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On 30 June 2021, the European Commission adopted a communication on its long-term vision for the EU's rural areas. The communication identifies areas of action with a view to creating new momentum for the EU's rural areas, while recognising their diversity. In recent decades, in many Member States rural areas have experienced depopulation. Such regions face a range of environmental and socio-economic challenges. These include, for example, lower income per capita, a higher percentage of the population ...

This Briefing forms part of an EPRS series offering syntheses of the pre-legislative state of play and consultation on key European Commission priorities during the current five-year term. It summarises the state of affairs in the relevant policy field, examines how existing policy is working on the ground, and, where possible, identifies best practice and ideas for the future on the part of governmental organisations at all levels of the EU system of multilevel governance. EPRS analysis of the positions ...

Japan's ageing society

Briefing 15-12-2020

Japan is aging fast. Its 'super-aged' society is the oldest in the world: 28.7 % of the population are 65 or older, with women forming the majority. The country is also home to a record 80 000 centenarians. By 2036, people aged 65 and over will represent a third of the population. Since 2011, the Japanese population has also been shrinking: it is a rare case of large country whose overall population is becoming smaller in prosperous and peaceful times. Japan's population is expected to drop from ...

The EU faces a number of demographic challenges such as ageing, a declining birth rate and depopulation in some of its regions. The EU represents an ever-shrinking proportion of the world population, at just 6.9 % today (down from 13.5 % in 1960), and is projected to fall further to just 4.1 % by the end of this century. This is explained by the low fertility rates as the numbers of children being born has fallen from an EU-28 average of around 2.5 children per woman in 1960, to a little under 1.6 ...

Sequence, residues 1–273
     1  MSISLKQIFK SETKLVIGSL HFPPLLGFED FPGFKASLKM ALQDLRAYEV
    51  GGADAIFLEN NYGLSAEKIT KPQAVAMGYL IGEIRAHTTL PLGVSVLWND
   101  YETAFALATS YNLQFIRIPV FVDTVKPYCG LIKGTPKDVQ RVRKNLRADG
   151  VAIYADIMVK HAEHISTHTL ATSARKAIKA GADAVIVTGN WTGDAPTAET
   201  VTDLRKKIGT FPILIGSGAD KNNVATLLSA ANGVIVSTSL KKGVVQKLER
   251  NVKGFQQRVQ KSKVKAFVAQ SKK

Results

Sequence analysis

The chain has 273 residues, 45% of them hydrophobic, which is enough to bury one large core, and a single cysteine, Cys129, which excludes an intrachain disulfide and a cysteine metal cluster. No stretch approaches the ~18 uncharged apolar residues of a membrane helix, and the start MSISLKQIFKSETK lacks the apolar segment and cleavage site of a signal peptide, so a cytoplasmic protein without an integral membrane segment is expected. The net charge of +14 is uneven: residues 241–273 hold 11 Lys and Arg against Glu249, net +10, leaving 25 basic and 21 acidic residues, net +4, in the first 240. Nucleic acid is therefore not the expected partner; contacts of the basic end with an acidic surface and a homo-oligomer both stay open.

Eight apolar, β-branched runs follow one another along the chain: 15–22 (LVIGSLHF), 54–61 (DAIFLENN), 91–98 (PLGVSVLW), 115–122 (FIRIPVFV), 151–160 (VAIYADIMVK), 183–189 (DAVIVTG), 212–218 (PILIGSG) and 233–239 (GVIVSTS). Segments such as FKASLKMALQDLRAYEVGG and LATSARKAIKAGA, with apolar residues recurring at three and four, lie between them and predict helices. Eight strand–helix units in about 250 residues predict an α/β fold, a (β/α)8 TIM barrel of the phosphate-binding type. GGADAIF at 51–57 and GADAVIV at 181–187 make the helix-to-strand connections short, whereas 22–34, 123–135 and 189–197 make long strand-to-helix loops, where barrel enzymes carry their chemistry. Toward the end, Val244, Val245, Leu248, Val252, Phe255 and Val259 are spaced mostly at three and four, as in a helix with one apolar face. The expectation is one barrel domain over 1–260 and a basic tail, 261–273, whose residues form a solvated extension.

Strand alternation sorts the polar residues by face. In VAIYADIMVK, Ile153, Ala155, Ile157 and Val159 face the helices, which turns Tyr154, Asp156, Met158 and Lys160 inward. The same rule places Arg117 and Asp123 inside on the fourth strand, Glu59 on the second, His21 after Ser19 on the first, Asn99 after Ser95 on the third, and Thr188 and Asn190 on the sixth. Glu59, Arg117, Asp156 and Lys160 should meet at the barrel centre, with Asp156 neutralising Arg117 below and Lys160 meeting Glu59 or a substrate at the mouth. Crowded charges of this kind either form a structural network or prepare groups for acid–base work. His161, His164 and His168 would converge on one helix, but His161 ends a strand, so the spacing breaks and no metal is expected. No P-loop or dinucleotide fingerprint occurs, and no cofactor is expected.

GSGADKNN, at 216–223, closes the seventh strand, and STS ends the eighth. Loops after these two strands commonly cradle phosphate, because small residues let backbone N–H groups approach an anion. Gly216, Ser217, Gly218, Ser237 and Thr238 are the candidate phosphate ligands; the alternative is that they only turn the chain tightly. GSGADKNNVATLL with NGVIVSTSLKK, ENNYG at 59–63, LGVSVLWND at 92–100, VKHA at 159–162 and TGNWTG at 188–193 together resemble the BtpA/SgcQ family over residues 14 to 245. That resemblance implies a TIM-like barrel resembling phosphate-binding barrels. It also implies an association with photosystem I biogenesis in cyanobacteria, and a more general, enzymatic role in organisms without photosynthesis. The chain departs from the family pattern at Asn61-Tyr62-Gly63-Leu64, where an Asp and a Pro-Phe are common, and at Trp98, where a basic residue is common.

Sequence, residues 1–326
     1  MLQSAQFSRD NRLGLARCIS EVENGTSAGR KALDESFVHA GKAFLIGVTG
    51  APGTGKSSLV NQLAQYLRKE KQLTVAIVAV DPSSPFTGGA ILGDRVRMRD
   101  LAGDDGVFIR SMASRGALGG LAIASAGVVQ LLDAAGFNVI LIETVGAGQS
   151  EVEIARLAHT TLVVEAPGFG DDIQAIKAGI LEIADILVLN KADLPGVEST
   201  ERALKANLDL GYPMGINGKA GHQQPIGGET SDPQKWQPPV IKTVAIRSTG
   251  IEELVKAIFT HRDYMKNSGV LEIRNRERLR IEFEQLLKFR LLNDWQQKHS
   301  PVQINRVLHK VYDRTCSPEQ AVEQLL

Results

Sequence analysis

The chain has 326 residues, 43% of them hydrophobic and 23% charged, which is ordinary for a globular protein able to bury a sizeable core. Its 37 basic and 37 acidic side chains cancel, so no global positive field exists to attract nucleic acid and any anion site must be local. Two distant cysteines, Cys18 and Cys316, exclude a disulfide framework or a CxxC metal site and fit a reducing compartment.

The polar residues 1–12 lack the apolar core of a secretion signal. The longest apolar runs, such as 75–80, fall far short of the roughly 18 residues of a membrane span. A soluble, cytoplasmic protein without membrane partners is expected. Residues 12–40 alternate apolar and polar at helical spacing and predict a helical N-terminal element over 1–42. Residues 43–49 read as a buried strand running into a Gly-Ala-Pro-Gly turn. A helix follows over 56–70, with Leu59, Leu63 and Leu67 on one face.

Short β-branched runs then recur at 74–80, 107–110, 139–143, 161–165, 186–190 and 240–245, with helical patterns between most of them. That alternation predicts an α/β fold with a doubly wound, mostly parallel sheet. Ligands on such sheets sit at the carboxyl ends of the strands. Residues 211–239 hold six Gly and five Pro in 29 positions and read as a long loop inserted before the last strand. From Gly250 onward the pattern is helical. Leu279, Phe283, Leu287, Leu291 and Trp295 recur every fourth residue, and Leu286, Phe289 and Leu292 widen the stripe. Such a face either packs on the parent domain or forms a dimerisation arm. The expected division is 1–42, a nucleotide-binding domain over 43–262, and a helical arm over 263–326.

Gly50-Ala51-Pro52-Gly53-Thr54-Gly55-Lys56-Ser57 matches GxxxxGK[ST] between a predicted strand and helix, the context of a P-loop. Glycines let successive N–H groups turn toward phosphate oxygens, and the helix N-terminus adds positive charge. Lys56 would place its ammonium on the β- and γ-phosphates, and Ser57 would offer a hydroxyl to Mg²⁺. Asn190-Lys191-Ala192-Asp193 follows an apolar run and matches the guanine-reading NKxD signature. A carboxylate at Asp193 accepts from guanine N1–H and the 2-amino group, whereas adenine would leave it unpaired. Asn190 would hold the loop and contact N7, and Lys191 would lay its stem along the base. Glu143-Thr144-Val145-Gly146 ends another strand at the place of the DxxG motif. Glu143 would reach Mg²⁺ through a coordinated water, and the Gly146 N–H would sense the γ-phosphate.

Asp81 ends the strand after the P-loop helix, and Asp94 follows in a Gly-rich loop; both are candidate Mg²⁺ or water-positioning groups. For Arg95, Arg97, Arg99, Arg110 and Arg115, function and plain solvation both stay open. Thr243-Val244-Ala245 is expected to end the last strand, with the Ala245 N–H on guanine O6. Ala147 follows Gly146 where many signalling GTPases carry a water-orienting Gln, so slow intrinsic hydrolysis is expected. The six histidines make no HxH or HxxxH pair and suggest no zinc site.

Demography matters. The economy and the labour market, but also social protection, intergenerational fairness and healthcare, the environment, food and nutrition are all driven by demography. The population of EU countries has grown substantially – by around a quarter since 1960 – and currently it stands at almost 450 million. The numbers are now beginning to stagnate however and are expected to decline from around the middle of the century. With the world population having risen still more substantially ...

This paper is the second in a series that EPRS is producing on the demographic outlook for the European Union (EU). Demography matters. The economy, labour market, healthcare, pensions, the environment, intergenerational fairness and election results – they are all driven by demography. The EU has seen its population grow substantially – by around a quarter since 1960 – and currently stands at over 500 million people. However, it is now beginning to stagnate, before its expected decline from around ...

Living in the EU: Demography

Sracfhéachaint 30-04-2019

Important effects of the ageing of its population will influence the future of the European Union (EU). The population is dramatically ageing, driven both by significant increases in life expectancy and by lower fertility rates than in the past. Population growth is therefore slowing down, along with an increasing old-age dependency ratio. Free movement within the EU, in particular east-west movement of EU citizens, has increased, reducing the population of some Member States, while increasing that ...

Demographic trends in EU regions

Briefing 29-01-2019

The European Union has seen its population grow substantially – by around a quarter in the five and a half decades since 1960 – to a current level of over 500 million people. However, this population is now growing too slowly, and is even expected to decline in the longer term. Issues of demography are likely to have a considerable impact on EU society. Most models used for analysing population trends suggest that, in the coming years, the EU's population will continue to age as a result of consistently ...

The European Union, Russia and Japan are currently the parts of the world in which population growth is expected to be lowest over the next few years. This has implications in terms of not only external policy but also developments at regional and local level. In other words, economic, social and territorial cohesion policies as a whole are being affected by current demographic trends. Shrinking population figures within entire regions are compounding and sometimes merging with the development disparity ...